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Where to avoid tickets, and crashes, on some of Utah's busiest roadways

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(KUTV) If you’ve ever been handed a speeding ticket, it’s easy to suspect the police might have it out for you.

In fact, you’ve likely heard the narrative that cops set up speed traps to catch speeders in an effort to make money for a city or state. Or, that police write more tickets at the end of the month so they can meet their quota.

We decided to look at the data to prove or dispel this common tale.

What we found is revealing.

We obtained data from the Utah Department of Transportation. The data are the result of a three-year study that documented all the speed related crashes along the Wasatch Front from Ogden to Spanish Fork. It turns out the Utah Highway Patrol uses this very map to decide where to deploy their troopers for speed enforcement.

Salt Lake City police are the same. We tracked down data that outlined where the most accidents occur in the heart of the city, and that information lined up with the places you are most likely to get speeding citations.

So, if you travel along the Wasatch Front, here is where you are most likely to have and accident, and not coincidentally, where you are most likely to get a speeding ticket.

Let’s take a look at Interstate 15 starting in the north. According to the UDOT heat map, in Davis County, accidents are plentiful from the Clearfield exit to the Layton Hills Mall exit, and again from the Farmington exit to the Parish Lane exit.

In Salt Lake County, the Interstate 80 interchange to Park City and 7200 South on I-15 are an accident magnet.

And in Utah County, crashes are heavy along I-15 at Thanksgiving Point, at the Orem exit and the Springville turn off.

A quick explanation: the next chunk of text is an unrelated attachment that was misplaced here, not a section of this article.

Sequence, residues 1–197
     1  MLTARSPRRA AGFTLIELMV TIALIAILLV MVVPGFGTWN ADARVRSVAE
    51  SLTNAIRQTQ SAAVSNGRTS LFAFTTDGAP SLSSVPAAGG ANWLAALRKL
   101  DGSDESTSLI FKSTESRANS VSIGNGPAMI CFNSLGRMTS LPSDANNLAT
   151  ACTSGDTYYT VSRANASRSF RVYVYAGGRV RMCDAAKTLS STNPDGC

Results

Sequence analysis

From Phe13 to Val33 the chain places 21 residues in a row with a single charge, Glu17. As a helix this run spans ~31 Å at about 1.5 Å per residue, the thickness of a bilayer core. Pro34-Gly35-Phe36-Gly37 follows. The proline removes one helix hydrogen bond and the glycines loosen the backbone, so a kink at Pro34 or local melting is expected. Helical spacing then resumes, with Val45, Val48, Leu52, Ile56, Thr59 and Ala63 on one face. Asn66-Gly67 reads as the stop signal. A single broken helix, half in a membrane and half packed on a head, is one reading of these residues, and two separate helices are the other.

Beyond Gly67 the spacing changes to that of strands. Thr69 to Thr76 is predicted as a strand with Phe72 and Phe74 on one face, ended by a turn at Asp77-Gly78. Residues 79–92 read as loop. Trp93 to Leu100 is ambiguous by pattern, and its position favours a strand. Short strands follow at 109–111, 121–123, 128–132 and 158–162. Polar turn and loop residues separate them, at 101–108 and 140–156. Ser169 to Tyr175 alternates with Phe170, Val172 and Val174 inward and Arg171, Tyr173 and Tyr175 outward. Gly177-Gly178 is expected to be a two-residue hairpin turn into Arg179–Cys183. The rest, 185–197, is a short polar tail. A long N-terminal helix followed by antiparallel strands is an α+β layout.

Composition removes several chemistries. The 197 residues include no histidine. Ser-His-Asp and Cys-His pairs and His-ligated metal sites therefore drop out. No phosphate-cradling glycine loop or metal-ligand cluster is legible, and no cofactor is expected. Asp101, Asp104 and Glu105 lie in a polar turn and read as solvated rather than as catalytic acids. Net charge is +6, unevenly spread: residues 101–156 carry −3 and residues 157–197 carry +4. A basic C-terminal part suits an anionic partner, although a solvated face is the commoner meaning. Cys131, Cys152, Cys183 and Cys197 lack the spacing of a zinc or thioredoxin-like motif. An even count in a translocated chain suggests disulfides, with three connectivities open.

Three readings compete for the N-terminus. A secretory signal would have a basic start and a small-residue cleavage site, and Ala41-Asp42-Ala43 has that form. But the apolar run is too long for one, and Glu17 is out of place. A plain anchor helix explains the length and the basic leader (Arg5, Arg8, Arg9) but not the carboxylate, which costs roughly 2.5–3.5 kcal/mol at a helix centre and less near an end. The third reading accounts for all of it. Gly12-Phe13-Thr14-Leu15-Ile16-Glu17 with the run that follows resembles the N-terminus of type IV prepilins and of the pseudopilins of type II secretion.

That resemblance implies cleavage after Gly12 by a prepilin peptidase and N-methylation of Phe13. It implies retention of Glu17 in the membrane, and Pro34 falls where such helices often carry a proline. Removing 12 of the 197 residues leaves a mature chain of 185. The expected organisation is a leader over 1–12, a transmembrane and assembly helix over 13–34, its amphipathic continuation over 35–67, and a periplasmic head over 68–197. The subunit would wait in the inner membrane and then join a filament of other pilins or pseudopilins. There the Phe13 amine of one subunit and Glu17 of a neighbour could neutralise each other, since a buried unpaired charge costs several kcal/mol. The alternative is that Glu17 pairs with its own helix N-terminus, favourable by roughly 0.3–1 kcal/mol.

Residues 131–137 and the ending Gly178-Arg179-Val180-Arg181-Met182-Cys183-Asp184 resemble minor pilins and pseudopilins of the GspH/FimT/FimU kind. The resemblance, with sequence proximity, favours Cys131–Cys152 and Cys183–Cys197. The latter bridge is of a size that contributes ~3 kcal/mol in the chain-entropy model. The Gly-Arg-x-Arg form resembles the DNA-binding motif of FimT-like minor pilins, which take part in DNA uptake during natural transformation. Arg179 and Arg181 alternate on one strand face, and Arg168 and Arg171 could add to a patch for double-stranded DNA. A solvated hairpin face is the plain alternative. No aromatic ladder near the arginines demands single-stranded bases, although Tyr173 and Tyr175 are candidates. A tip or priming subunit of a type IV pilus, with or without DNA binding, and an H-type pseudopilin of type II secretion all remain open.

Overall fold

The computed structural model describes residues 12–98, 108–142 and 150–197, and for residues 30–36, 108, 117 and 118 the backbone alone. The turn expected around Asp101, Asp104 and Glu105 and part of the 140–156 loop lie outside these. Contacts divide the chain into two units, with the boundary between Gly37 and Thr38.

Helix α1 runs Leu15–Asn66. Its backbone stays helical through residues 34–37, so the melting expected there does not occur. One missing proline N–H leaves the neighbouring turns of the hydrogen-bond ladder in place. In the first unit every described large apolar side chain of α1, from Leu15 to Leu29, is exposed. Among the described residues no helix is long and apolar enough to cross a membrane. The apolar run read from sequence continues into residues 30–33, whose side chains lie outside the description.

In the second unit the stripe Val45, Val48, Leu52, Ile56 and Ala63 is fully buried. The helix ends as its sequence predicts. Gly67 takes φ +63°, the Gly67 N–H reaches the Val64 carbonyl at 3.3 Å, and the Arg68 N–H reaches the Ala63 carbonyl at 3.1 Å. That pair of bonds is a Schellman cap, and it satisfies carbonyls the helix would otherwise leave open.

The same principles apply in the big cities.

In Ogden, you are most likely to be involved in an accident at 3300 South Harrison Blvd, 400 S. 31st St. and 700 E. 30th St. — that's also where your are most likely to get a speeding ticket.

In Salt Lake City, accidents are most likely to happen in the heart of the city. In fact, from 400 East to 700 East and 100 South and 500 South there were 260 accidents. And from 300 West to West Temple and 100 South to 500 South there were 344 accidents in a single year. As you might imagine, this is where you are most likely to get a ticket in the city.

Salt Lake City Police say in addition to sending officers to write tickets where the accidents happen, they also send cops to respond to citizen complaints about speeding on the secondary roads. If you have a complaint about speeders in your neighborhood you can go to this link at SLCPD.com and report it. It will also show you where officers are currently doing traffic enforcement operations.

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